Matthew 5:33-37, part of the gospels’ summary of Jesus’s teachings, challenges the way we handle the truth.
And it’s a necessary challenge. Truth, embellishments, hedges, and avoidances all make business and interpersonal relationships that much more complicated. We’ve learned to distrust marketers and their advertising claims, and “Just give it to me straight” is a thrown gauntlet: Should I really tell them what I think? How will things change when I do?
Insecurity unsettles us, and so we embellish our speech. We lie. I’ve texted, “On my way” before I’ve been on my way because I expected disappointment for leaving later than expected. I’ve talked in circles about my beliefs on politics and religion because I don’t trust the motives of the people asking. I’ve lived and worked and loved as if my Yes and No are insufficient.
In this space between two people comes the Wise One, teaching: “Say ‘Yes’ when you mean yes, and ‘No’ when you mean no, and ‘I don’t know’ when you really don’t know. Anything beyond that is an attempt to exert power and control.”
There’s no need for fancy mess. The truth is enough.
It can also be terrifying, if vulnerability is involved. The truth might be “I don’t think this role fits for me anymore and I need to step down.” Or “Yes, I do want us to work together on money. I’m tired of trying to figure it out on my own.” Or “I know you don’t understand who I am. I’m sorry you’re missing out on my life, and I wish things were different. But they aren’t.”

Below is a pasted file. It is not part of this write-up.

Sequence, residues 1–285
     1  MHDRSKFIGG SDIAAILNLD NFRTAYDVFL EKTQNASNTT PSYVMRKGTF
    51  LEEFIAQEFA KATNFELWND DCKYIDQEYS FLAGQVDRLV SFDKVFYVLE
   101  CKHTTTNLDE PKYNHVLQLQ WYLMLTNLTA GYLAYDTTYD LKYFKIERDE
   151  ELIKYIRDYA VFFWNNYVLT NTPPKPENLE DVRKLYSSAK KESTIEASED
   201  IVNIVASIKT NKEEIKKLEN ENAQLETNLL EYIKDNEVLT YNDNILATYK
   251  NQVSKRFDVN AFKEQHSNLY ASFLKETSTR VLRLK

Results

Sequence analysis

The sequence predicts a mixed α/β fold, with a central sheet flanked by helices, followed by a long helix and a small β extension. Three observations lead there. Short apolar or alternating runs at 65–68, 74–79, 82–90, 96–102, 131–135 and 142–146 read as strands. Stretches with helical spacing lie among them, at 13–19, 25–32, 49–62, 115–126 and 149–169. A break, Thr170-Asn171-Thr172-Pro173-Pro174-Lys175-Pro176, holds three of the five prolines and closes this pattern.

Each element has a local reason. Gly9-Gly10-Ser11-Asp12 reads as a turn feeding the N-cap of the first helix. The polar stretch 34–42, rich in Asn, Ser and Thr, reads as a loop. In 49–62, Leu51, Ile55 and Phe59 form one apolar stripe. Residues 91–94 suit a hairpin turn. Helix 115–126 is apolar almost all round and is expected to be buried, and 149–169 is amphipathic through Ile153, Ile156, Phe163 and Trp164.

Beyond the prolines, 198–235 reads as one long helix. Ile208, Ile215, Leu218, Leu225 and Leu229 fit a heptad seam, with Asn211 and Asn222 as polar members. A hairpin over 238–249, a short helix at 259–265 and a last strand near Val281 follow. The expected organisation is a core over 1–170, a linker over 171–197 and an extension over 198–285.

The truth being true doesn’t imply anything about what others might do or say in response. But it does let you shed unnecessary weight: all the footnotes and explainers and explain-away-ers that you need to prop up embellishments and dodges. It does allow you to choose the simplest words, the ones you don’t have to memorize in advance because they are true.
The good news? The good news is that we can begin again. Wherever we are—at home or at work or on the streets—whenever we notice insecurity rising, whenever our tongues curl around an extra word or story, we can swallow gently and choose a different way. Because a world we build on any other ground than the truth is not worth living in.
Take a moment: self-check. Where has insecurity guided you lately? What beliefs have you been building your relationships on? Are those beliefs worth switching out for more honesty more often?